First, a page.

Transitioning Your Ownership with Succession Planning
As a business owner and dentist, we know you understand that planning for retirement is not just about contributing to a 401(k) or a profit-sharing plan. In our first article, we outlined what succession planning is and what your options are. This time we will be outlining the first steps to creating a well-thought out succession plan to allow you to cash in on the equity you used to help build your dental practice.
There are two primary routes dental practice owners take when building a succession plan: transition to a practicing child/relative or sell the practice to a partner or another dentist entirely. Learn more about each below to decide which could be best for you.
Transitioning the practice to a relative
For this route especially, it is crucial to start the succession planning process early. Ensure that your relative truly understands the role and responsibilities they will be taking on. During this process, it is vital you bring them into your dental practice so they can gain hands-on experience and understand the business model. Finally, solidify what your role will be after you exit long before you actually retire. It can be difficult to see a business you worked so hard to build in someone else’s hands, even if it is someone in your family. But there is a confidence in knowing the business you built is in familiar hands and you can watch it continue to grow.
Selling the practice
There is a common method most dental practice owners use when selling their practice to a third party:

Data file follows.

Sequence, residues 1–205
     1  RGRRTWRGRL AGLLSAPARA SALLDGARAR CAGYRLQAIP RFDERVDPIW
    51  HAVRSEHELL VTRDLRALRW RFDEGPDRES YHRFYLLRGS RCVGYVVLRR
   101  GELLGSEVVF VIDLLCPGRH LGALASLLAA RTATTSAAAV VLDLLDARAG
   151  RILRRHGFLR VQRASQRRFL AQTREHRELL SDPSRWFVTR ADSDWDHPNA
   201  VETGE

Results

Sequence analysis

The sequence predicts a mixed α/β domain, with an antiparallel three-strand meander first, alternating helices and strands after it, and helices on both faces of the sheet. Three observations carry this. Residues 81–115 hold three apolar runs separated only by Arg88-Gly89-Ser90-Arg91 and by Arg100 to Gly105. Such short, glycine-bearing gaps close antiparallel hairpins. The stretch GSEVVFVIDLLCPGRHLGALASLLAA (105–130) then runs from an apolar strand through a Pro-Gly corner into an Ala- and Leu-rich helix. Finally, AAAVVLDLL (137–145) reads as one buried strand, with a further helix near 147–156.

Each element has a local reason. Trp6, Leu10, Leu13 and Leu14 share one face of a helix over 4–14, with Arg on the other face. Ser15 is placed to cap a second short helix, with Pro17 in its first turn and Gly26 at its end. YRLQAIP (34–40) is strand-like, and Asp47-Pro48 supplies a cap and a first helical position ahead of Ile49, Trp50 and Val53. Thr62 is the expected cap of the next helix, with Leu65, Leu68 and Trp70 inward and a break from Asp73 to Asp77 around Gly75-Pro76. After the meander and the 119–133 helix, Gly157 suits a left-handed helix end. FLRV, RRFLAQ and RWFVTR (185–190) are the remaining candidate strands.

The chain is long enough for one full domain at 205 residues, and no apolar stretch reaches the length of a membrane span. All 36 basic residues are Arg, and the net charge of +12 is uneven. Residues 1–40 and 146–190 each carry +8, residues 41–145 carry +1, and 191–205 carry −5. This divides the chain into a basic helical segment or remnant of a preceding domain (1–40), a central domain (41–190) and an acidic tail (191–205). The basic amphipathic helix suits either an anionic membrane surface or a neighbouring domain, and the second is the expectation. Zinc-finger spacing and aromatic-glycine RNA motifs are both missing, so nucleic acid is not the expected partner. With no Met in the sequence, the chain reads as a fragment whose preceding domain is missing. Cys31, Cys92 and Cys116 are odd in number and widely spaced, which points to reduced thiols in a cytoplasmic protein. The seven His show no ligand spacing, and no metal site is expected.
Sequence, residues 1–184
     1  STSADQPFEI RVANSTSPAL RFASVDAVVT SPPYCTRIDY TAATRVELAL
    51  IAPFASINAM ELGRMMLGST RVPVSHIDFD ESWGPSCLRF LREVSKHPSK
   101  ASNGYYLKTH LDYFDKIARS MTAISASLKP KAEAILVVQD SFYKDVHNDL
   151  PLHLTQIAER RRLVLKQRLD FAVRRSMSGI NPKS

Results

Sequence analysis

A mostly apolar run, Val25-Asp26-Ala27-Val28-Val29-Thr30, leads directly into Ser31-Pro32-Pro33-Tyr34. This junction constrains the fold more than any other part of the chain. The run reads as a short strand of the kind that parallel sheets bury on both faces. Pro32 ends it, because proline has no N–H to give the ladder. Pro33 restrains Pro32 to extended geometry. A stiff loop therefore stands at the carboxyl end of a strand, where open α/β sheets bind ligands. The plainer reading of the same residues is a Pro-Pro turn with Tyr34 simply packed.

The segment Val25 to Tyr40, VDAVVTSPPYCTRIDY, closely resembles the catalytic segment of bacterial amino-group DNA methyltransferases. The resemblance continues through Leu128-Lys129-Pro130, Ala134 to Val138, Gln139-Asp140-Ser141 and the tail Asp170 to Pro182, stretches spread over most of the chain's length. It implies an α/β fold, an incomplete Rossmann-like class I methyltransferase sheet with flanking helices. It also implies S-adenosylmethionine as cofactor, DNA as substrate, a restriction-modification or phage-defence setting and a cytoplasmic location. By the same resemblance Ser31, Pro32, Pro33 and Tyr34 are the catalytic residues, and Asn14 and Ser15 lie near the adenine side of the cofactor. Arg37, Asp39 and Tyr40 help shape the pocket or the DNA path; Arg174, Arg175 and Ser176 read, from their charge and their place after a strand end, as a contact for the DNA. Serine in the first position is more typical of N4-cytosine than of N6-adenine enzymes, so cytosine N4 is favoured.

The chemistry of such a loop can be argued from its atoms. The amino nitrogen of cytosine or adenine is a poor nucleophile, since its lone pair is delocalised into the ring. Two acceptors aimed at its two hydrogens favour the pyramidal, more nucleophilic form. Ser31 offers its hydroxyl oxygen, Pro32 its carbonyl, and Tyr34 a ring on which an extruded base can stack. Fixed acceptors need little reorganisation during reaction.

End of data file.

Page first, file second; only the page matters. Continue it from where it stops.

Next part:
- 1. Hire the dentist you believe could potentially take over the practice or sit down with an existing partner and discuss them taking over the practice once you retire.
- 2. Set a term for this dentist to learn the ins-and-outs of owning the dental practice.
- 3. If the parties are still interested in transferring ownership at the end of the term, the new dentist will buy a portion of the practice.
- 4. Upon retirement, the original practice owner will sell his or her remaining ownership of the practice to the incoming owner.
In an ideal world, the potential owner would be brought in three to five years before the current owner plans to retire. This gives the potential owner enough time to truly understand their new leadership role and create relationships with existing patients. This is why it can be so beneficial to sell your practice to a current partner; they understand the business and your patients. However, if that is not a viable option for you, start thinking about a succession plan well in advance to ensure both you and the future owner have ample time to prepare.
Succession planning for a dental practice can be a lengthy process. It is important to start early and get the right advisors on your side throughout the process. Contact a team member in our Business Banking department to learn how we can make this easier for both you and your dental practice.
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